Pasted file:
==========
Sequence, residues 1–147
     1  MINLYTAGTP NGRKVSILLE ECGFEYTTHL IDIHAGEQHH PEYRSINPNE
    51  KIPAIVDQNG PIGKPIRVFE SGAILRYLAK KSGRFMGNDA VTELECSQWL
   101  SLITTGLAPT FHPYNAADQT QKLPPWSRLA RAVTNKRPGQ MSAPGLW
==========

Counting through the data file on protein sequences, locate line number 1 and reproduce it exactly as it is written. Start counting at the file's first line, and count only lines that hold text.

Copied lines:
Sequence, residues 1–147